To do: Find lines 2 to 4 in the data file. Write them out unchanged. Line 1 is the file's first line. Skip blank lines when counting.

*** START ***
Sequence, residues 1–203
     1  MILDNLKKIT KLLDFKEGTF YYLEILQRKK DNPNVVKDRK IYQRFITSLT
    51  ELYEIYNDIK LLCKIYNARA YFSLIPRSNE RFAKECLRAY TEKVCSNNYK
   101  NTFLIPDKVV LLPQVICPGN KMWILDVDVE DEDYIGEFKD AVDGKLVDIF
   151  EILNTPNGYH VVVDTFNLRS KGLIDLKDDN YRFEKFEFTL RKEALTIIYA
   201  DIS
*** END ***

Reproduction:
     1  MILDNLKKIT KLLDFKEGTF YYLEILQRKK DNPNVVKDRK IYQRFITSLT
    51  ELYEIYNDIK LLCKIYNARA YFSLIPRSNE RFAKECLRAY TEKVCSNNYK
   101  NTFLIPDKVV LLPQVICPGN KMWILDVDVE DEDYIGEFKD AVDGKLVDIF